[G.R. NO. 158762 : April 4, 2007]
SILVANO B. GAJE, EMILIO C. MELLONIDA, and DESIDERIO DALISAY, JR.,* Petitioners, v. PATRICIA S. VDA. DE DALISAY, for herself and in her capacity as the Special Administratrix of the Estate of Desiderio F. Dalisay, Sr., Respondent.
D E C I S I O N
Assailed in the instant Petition for Review on Certiorari1 are the Decision2 dated 13 March 2003 and Resolution3 dated 6 June 2003 of the Court of Appeals in CA-G.R. CV No. 66343. The Court of Appeals affirmed in toto with costs against petitioners, the Decision4 dated 10 January 2000 of the Regional Trial Court (RTC) Branch 31, Tagum City, in Civil Case No. 2877. The RTC resolved, inter alia, to declare null and void the two Deeds of Sale executed between petitioners Desiderio Dalisay, Jr. and Emilio C. Mellonida over a parcel of land known as Lot No. 729-F; and between Desiderio Dalisay, Jr. and Silvano Gaje involving a parcel of land known as Lot No. 729-A, both located in San Miguel, Tagum City, Davao.
As culled from the evidence on record, the antecedent facts are as follows:
On 15 June 1973, Desiderio Dalisay, Sr. (Dalisay, Sr.) bought from Juan Abrea and Ricarte Agudong two parcels of land located in San Miguel, Tagum, Davao, otherwise known as Lots No. 729-A5 and 729-F with an area of 27,169 square meters, and 20,000 square meters, respectively. The Deeds of Sale indicated the name of Desiderio Dalisay, Jr. (Dalisay, Jr.) as vendee per instructions of Dalisay, Sr. for expediency and convenience. Dalisay, Sr. maintained possession of the two parcels of land from the date of sale in 1973 until his death in 1989. They became part of the landholdings of Desidal Fruits, Inc. which is owned by Dalisay, Sr. In 1981, the parcels of land were leased by Dalisay, Sr. to Davao Premier Fruits Corporation.
Following the death of Dalisay, Sr. in 1989, his widow, Patricia S. vda. de Dalisay (Patricia) was named special administratrix of his testate estate by virtue of Letters of Administration issued by the RTC, Branch 1, Tagum, in Sp. Proc. Case No. 397.6 Patricia exercised her powers as Special Administratrix by taking actual possession of the aforementioned two parcels of land. She planted banana trees, corn, and lemonsitos7 thereon. On 7 January 1991, she donated 100 square meters thereof to the Barangay San Miguel Water System Association, Inc. to be used as a site for the installation of the water pump and reservoir of the said water system.8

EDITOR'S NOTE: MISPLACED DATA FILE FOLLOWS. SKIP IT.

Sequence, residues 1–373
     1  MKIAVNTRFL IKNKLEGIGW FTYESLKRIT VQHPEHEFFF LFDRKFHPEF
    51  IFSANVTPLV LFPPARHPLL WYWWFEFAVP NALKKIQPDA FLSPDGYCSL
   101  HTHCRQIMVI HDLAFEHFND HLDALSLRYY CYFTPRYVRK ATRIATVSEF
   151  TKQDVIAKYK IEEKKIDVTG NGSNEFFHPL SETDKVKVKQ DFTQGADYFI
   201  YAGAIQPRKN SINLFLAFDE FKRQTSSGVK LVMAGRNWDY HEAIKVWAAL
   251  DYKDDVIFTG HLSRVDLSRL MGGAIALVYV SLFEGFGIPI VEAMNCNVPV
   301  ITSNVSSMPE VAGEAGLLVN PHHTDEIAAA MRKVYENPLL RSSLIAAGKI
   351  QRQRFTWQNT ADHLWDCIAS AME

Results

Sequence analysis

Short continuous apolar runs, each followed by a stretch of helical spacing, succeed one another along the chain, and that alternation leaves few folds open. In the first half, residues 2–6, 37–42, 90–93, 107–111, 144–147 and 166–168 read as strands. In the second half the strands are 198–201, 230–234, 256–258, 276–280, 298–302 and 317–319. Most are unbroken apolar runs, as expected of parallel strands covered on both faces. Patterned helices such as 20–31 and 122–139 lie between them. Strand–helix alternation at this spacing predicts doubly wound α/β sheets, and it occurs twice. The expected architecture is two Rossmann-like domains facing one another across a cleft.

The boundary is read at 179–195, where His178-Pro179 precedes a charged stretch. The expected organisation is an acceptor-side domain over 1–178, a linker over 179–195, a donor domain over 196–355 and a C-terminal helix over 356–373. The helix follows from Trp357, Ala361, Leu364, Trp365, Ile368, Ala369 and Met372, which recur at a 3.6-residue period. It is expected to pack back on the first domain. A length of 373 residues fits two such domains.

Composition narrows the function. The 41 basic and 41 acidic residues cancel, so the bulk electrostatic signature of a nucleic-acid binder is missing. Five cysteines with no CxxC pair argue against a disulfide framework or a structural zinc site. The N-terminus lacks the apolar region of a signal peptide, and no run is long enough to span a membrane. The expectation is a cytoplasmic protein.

On 21 October 1994, petitioner Dalisay, Jr. sold Lot No. 729-A to petitioner Silvano B. Gaje (Gaje) in consideration of the amount of
P450,000.00.9 Likewise, on even date, the former sold Lot No. 729-F to Emilio C. Mellonida (Mellonida) for P350,000.00.
Hence, on 27 February 1995, Patricia, for herself and in her capacity as special administratrix of the testate estate of Dalisay, Sr., initiated with the RTC, Branch 31, Tagum City, a Complaint10 for Annulment of Deeds of Sale and Reconveyance with prayer for Preliminary Injunction and Temporary Restraining Order, docketed as Civil Case No. 2877, naming Gaje, Mellonida, and Dalisay, Jr. as defendants therein. The Complaint averred that the two parcels of land were owned by Dalisay, Sr. and thus formed part of his testate estate. Dalisay, Sr. had taken possession of the lots from the time of purchase on 15 June 1973 until his demise on 18 September 1989. The same parcels of land were leased by Dalisay, Sr. to Davao Premier Fruits Corporation in 1981. The Complaint further alleged that on 20 August 1994, all of the heirs of Dalisay, Sr. conducted a meeting whereby a Memorandum of Agreement was drawn indicating their consensus to have the estate of Dalisay, Sr. divided among all seven (7) of them, including Dalisay, Jr. The aforesaid Agreement similarly indicated the two parcels of land as part of the estate. In fine, the Complaint prayed for the declaration of nullity of the Deeds of Sale executed by Dalisay, Jr. in favor of Gaje and Mellonida.